1. Overview


To create an outcomes driven curriculum. We want all students to have paid supported employment after college. Therefore, our curriculum offer is designed to inspire and prepare students for a wide range of potential career pathways.
To enable our students to be active members of their communities.
To equip students with the skills, knowledge and confidence to live as independently as possible.
To create a foundation for long term access to community services.
To help students develop the skills necessary to create meaningful and long-lasting relationships.
To help our students live happy, safe and fulfilling lives long into the future.


Functional English, Maths and Independence Skills are embedded throughout the curriculum. We emphasise work as being the main context for learning as one of the key functions of college is to prepare students for what comes after.
There is a strong emphasis on community-based learning, creating meaningful contexts where students can apply mastered and emerging skills in everyday situations.
Staff have high expectations of all students in terms of behaviour and willingness to engage in learning, promoting an adult approach to all activities.
We take a universal approach to speech and language. The College employs a Speech and Language Therapist (SaLT) three day per week. This time is used to help create personalised communication strategies and resources to meet the needs of individual students. SaLT support teachers and instructors with the delivery of the curriculum from a communication perspective. They also oversee 1:1 and small group SaLT interventions as well as delivering ongoing training to all staff as part of the college CPD calendar.
Each student has an EHCP map which shows how we breakdown their Long, and short-term targets, referred to as their ‘destination targets’, and ‘termly targets’ respectively. Progress is tracked, evidenced, reviewed, and celebrated using the principals and structure of the Recognising and Recording Progress and Achievement (RARPA) framework. Through RARPA, we are able to personalise students’ learning throughout the day, during any session.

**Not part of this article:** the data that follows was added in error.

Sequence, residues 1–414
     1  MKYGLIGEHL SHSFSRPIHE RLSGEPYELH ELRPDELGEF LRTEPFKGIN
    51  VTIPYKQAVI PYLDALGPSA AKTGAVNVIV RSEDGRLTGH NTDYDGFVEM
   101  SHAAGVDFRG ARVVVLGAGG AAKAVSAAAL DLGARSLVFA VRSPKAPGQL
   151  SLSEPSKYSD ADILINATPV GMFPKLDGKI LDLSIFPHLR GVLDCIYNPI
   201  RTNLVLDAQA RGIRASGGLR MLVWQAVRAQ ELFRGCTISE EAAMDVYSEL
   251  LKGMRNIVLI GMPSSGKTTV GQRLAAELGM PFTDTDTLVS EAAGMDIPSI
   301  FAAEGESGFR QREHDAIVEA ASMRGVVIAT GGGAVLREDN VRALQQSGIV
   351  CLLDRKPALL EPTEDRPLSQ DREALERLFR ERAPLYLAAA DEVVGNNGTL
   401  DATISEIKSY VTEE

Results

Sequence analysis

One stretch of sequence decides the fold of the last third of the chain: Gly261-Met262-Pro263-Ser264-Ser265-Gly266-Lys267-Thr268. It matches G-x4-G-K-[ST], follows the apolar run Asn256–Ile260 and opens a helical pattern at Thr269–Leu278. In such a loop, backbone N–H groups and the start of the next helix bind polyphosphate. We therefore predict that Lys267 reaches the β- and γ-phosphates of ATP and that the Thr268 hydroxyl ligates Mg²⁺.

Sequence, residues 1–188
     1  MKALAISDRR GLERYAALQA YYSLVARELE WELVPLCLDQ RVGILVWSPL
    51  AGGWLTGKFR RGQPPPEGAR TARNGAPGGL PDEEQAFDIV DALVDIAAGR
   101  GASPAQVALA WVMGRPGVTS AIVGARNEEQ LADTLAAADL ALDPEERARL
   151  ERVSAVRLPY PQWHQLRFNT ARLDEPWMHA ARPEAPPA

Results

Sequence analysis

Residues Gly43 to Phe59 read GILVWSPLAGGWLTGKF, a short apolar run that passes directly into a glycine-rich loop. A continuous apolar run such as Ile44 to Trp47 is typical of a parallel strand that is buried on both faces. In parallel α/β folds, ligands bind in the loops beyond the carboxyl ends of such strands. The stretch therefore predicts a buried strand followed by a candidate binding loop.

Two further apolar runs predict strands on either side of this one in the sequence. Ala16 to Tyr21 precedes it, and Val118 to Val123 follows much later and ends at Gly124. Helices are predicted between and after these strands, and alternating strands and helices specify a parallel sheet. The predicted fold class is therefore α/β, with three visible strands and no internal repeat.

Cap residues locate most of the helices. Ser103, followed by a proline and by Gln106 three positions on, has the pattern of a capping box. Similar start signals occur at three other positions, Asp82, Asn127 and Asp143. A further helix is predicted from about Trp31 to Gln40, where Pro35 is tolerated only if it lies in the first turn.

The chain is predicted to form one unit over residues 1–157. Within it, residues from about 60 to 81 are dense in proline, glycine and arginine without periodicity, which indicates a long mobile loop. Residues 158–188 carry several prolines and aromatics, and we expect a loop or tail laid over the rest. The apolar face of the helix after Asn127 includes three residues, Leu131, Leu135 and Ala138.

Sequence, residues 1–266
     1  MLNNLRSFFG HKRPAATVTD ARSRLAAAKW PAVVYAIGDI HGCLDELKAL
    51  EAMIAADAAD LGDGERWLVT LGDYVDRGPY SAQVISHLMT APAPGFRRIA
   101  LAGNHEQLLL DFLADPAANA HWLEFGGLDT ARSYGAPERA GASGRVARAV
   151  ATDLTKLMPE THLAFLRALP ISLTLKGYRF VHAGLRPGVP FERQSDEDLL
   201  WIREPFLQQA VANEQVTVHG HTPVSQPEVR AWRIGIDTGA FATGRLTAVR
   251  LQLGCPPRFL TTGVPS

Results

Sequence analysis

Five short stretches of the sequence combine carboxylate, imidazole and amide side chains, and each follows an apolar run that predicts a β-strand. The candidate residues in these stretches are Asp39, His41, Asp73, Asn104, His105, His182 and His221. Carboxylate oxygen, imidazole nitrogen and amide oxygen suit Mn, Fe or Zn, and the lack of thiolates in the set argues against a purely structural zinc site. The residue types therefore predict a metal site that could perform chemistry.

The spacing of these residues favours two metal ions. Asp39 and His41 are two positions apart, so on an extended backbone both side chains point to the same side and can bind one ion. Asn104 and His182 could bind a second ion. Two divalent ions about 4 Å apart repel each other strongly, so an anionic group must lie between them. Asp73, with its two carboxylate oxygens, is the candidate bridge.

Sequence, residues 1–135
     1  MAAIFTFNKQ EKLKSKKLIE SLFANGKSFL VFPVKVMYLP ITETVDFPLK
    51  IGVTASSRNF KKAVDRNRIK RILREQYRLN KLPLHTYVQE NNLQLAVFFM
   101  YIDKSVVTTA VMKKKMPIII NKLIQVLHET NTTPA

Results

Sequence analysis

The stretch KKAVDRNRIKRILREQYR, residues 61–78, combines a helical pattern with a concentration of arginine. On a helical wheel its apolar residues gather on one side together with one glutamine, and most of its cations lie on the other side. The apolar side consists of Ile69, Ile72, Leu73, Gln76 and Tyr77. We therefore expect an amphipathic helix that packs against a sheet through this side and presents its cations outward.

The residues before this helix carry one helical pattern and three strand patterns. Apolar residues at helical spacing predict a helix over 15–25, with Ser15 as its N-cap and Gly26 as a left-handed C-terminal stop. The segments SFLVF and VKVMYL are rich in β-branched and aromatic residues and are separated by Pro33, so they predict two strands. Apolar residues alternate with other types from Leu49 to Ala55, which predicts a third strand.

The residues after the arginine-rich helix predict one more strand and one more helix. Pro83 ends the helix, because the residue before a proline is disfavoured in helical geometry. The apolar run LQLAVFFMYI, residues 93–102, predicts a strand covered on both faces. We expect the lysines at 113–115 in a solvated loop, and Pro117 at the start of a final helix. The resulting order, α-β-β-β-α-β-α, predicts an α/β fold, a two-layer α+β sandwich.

All students have a progress review meeting each week where they meet with key staff to track their progress, triangulate evidence and amend/extend targets as necessary.
Each student has an ‘I Can’ baseline assessment in English and Maths in term 1 of each year. These assessments inform decisions as to which accreditations students take part in later in the year.
All students, regardless of ability, take part in externally recognised accreditations  English & Mathins through Open Awards which are relevant to their needs and aspirations.

Opportunities for student feedback are imbedded throughout the curriculum. At the end of each lesson students self-assess their level of achievement with the learning objective. They also self-assess their level of progress with each of their EHCP targets at their weekly progress review meetings. Students also help to decide many aspects of their college experience using their vocational profile and student union. Students also help to decide on issues such as budgetary spending for key events and planning college trips.


Students have the skills, knowledge and confidence to live a happy life filled with purpose long into the future.
Students have mastered transferable skills which can be applied and built upon as they go forward in life.
Transitions onto future destinations are positive, appropriate, timely and student centred.
Students graduates college with paid, supported employment.

2. Programme of Study

The curriculum design, rooted in the four Preparation for Adulthood (PFA) areas, serves as a unifying framework that aligns our practices with all key stakeholders involved in supporting our students. By structuring our curriculum around these PFA areas outlined in students’ Education, Health, and Care Plans (EHCPs), we ensure that all relevant parties, including students, families, staff, and other supporters, have a shared understanding and investment in the educational journey. This alignment enables effective collaboration and communication, as everyone involved can actively contribute to and support the students’ development in areas such as independent living skills, employment prospects, community participation, and health and well-being. Through this cohesive approach, our curriculum design becomes a vehicle for fostering comprehensive and holistic growth, ensuring that all stakeholders are actively engaged in preparing students for a successful transition into adulthood.

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